Naomi Oreskes and Erik Conway strike again, with a wonderful and terrifying history of the recent past and near future as told from the far future, entitled “The Collapse of Western Civilization: A View from the Future” in Daedalus.
“A View from the Future” is available online and sums up the situation almost perfectly. I only wish the bit about “the fortuitous change in the earth’s orbit” had been left out – even if defensible in a sense, it makes the whole seem less serious in intent than it is. Otherwise (*) it is, sadly, all too plausible.
I’m sure I’m not the only person who has thought of doing such a thing, but it would be hard to top this effort.
To the historian studying this tragic period of human history, the most astounding fact is that the victims knew what was happening and why. Indeed, they chronicled it in detail precisely because they knew that fossil fuel combustion was to blame. Historical analysis also shows that Western civilization had the technological know-how and capability to effect an orderly transition to renewable energy, yet the available technologies were not implemented in time.34As with all great historical developments, there is no easy answer to the question of why this catastrophe occurred, but key factors stand out. The thesis of this analysis is that Western civilization became trapped in the grip of two inhibiting ideologies: namely, positivism and market fundamentalism.
A key attribute of the period was that power did not reside in the hands of those who understood the climate system, but rather in political, economic, and social institutions that had a strong interest in maintaining the use of fossil fuels. Historians have labeled this system the carboncombustion complex: a network of powerful industries comprised of primary fossil fuel producers; secondary industries that served fossil fuel companies (drilling and oil field service companies, large construction ½rms, and manufacturers of plastics and other petrochemicals); tertiary industries whose products relied on inexpensive fossil fuels (especially automobiles and aviation); and ½nancial institutions that serviced their capital demands. Maintaining the carbon-combustion complex was clearly in the self-interest of these groups, so they cloaked this fact behind a network of “think tanks” that issued challenges to scientific knowledge they found threatening. Newspapers often quoted think tank employees as if they were climate researchers, juxtaposing their views against those of university-based scientists. This practice gave the public the impression that the science was still uncertain, thus undermining the sense that it was time to act. Meanwhile, scientists continued to do science, believing, on the one hand, that it was inappropriate for them to speak to political questions (or to speak in the emotional register required to convey urgency) and, on the other hand, that if they produced abundant and compelling scienti½c information (and explained it calmly and clearly), the world would take steps to avert disaster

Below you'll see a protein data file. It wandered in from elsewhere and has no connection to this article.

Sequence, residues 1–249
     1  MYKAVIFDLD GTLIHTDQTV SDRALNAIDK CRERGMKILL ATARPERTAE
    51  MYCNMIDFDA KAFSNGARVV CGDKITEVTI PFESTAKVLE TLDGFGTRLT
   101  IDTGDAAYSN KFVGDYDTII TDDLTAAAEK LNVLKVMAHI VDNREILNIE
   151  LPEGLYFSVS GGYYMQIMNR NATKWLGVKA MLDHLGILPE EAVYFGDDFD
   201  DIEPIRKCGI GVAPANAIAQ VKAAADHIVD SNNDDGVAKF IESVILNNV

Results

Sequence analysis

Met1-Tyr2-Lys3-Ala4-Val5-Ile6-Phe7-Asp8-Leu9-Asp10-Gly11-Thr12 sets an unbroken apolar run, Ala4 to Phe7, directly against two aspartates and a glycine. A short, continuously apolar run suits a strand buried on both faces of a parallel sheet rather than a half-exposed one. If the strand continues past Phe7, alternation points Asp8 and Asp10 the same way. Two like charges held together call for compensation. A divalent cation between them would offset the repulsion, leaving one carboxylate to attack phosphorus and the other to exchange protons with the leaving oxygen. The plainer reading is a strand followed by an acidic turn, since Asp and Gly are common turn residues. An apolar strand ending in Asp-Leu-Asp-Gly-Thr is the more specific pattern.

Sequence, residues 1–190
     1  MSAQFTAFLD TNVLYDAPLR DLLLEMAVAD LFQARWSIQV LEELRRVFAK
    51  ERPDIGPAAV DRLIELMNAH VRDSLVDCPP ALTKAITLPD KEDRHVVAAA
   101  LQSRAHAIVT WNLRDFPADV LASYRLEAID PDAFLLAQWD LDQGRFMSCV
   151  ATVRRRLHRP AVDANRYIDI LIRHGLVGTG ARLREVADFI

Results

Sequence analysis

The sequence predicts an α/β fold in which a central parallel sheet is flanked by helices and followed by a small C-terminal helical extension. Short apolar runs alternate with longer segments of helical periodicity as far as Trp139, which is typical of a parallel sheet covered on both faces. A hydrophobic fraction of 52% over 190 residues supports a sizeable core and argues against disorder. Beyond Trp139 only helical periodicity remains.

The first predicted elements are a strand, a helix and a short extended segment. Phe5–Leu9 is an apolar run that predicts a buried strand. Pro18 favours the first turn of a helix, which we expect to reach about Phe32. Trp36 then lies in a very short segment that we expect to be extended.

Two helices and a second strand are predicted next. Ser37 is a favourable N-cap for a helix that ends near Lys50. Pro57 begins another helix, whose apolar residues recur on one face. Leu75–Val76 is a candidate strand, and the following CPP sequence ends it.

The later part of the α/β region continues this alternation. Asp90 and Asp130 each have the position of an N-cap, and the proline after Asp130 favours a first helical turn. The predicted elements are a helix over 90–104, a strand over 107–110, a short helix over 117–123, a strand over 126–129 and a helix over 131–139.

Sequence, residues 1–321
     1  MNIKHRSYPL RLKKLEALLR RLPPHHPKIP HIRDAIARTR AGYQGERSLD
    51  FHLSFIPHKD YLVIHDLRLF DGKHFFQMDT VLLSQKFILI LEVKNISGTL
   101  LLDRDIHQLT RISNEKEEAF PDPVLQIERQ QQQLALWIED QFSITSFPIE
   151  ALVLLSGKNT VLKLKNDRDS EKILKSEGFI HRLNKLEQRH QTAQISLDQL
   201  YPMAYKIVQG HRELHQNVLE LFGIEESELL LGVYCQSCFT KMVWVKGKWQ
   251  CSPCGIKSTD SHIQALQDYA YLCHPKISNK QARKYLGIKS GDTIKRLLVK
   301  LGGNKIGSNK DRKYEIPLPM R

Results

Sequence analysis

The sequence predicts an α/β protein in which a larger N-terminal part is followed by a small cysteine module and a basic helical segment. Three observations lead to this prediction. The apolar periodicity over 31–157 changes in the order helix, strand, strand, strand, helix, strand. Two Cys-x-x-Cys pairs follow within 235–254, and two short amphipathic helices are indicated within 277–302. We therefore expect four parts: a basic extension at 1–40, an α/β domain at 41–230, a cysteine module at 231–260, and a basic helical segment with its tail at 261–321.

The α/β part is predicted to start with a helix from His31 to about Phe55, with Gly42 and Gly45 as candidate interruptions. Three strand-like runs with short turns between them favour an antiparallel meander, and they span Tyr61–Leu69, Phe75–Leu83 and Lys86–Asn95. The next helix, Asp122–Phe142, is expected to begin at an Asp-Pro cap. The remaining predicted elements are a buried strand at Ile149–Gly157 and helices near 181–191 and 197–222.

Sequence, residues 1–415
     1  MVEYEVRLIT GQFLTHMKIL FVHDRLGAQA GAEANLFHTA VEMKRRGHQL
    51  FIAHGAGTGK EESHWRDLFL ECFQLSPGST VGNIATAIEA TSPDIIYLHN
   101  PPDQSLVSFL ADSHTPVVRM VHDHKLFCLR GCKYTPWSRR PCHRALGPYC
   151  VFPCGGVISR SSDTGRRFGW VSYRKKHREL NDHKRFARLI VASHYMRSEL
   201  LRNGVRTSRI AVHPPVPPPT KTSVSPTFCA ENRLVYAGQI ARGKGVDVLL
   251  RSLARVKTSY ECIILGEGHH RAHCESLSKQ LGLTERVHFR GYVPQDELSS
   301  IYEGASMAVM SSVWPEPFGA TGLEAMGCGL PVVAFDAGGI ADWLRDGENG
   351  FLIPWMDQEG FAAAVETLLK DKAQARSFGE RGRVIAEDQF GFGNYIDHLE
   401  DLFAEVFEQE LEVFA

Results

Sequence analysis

When scientists discovered the limits of planetary sinks, they also discovered market failure. The toxic effects of ddt, acid rain, the depletion of the ozone layer, and climate change were serious problems for which markets did not provide a spontaneous remedy. Rather, government intervention was required: to raise the market price of harmful products, to prohibit those products, or to finance the development of their replacements. But because neoliberals were so hostile to centralized government, they had, as Americans used to say, “painted themselves into a corner.” The American people had been persuaded, in the words of President Reagan, that government was “the problem, not the solution.” Thus, citizens slid into passive denial, accepting the contrarian arguments that the science was unsettled. Lacking widespread support, government leaders were unable to shift the world economy to a net carbon neutral energy base.
(*) – Another quibble is that, as a habitual science fiction reader, I question that readers three centuries after the cataclysm would need a definition of “think tank” but not of “newspaper”. Even if we avoid the disaster the concept of “newspaper” will be unfamiliar in the not too distant future. (**) This sort of mars the conceit a little. But that’s hardly the point.
(**) – Unless they are still watching Cary Grant and Rosalind Russel in “His Girl Friday”, which would be some consolation.